Section 2-403 of the Alabama Code provides in pertinent part as follows:

(1) A purchaser of goods acquires all title which his transferor had or had power to transfer except that a purchaser of a limited interest acquires rights only to the extent of the interest purchased. A person with voidable title has power to transfer a good title to a good faith purchaser for value. When goods have been delivered under a transaction of purchase the purchaser has such power even though:

(a) The transferor was deceived as to the identity of the purchaser, or

(b) The delivery was in exchange for a check which is later dishonored, or

(c) It was agreed that the transaction was to be a "cash sale," or

(d) The delivery was procured through fraud punishable as larcenous under the criminal law.

(2) Any entrusting of possession of goods to a merchant who deals in goods of that kind gives him power to transfer all rights of the entruster to a buyer in ordinary course of business.

(3) "Entrusting" includes any delivery and any acquiescence in retention of possession regardless of any condition expressed between the parties to the delivery or acquiescence ....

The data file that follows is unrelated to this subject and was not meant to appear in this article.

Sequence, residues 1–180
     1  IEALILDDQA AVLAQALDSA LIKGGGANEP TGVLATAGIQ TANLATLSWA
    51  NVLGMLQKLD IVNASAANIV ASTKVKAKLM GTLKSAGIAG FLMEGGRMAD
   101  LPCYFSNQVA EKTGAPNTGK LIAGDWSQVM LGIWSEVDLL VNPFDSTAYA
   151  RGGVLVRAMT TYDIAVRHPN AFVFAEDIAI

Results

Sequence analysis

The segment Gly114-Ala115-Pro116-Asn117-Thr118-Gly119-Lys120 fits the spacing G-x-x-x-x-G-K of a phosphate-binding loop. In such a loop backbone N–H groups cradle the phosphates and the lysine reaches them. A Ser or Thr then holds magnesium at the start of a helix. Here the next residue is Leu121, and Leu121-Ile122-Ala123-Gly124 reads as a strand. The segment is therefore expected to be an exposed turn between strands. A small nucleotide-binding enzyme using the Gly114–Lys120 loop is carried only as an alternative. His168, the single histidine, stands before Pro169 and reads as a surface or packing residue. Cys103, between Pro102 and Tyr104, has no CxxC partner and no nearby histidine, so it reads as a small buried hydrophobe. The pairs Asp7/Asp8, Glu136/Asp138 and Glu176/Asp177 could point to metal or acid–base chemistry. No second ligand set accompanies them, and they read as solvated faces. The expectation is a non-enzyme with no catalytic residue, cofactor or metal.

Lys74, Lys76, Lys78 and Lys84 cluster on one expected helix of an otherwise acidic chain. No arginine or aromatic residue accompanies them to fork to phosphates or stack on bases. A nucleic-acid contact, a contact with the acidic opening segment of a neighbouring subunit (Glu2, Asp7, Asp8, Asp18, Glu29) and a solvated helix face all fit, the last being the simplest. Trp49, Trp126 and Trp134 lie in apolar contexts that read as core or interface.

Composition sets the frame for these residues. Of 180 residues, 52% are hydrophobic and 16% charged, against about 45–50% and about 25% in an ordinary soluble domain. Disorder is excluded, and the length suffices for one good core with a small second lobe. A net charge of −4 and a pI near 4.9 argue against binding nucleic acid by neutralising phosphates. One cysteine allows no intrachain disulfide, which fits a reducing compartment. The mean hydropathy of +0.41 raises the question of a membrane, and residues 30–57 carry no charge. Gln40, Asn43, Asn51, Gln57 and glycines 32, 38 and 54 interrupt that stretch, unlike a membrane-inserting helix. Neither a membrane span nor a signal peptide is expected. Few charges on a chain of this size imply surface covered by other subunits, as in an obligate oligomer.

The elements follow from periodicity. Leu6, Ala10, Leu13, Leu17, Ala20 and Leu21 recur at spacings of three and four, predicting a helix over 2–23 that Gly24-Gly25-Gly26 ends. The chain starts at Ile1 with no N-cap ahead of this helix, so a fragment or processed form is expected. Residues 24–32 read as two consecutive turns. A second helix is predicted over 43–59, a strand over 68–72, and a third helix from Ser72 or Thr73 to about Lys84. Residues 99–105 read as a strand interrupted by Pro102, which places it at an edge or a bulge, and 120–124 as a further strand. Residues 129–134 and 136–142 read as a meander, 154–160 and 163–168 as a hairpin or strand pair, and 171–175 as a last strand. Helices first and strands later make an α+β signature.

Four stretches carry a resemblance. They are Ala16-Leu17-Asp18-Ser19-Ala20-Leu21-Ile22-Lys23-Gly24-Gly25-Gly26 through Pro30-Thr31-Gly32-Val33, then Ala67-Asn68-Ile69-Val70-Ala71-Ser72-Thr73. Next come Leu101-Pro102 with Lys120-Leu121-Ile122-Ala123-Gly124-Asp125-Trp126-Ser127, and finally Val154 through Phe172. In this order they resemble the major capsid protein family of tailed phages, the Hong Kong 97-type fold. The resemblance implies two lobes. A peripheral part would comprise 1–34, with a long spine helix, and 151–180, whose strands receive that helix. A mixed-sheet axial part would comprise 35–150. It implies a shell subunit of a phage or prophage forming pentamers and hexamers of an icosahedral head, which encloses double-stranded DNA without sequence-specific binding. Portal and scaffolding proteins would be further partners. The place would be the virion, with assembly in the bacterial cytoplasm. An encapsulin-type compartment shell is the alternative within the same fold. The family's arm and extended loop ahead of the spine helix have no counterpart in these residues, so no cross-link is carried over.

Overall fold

2

Section 1-201(9) provides in full as follows:

"Buyer in ordinary course of business" means a person who in good faith and without knowledge that the sale to him is in violation of the ownership rights or security interest of a third party in the goods buys in ordinary course from a person in the business of selling goods of that kind but does not include a pawnbroker. "Buying" may be for cash or by exchange of other property or on secured or unsecured credit and includes receiving goods or documents of title under a preexisting contract for sale but does not include a transfer in bulk or as security for or in total or partial satisfaction of a money debt.

(Emphasis added). In light of our holding that C.I.T., as a secured creditor, is not a buyer in ordinary course, we do not reach the question of whether Sitkin may be considered "a person in the business of selling goods of that kind."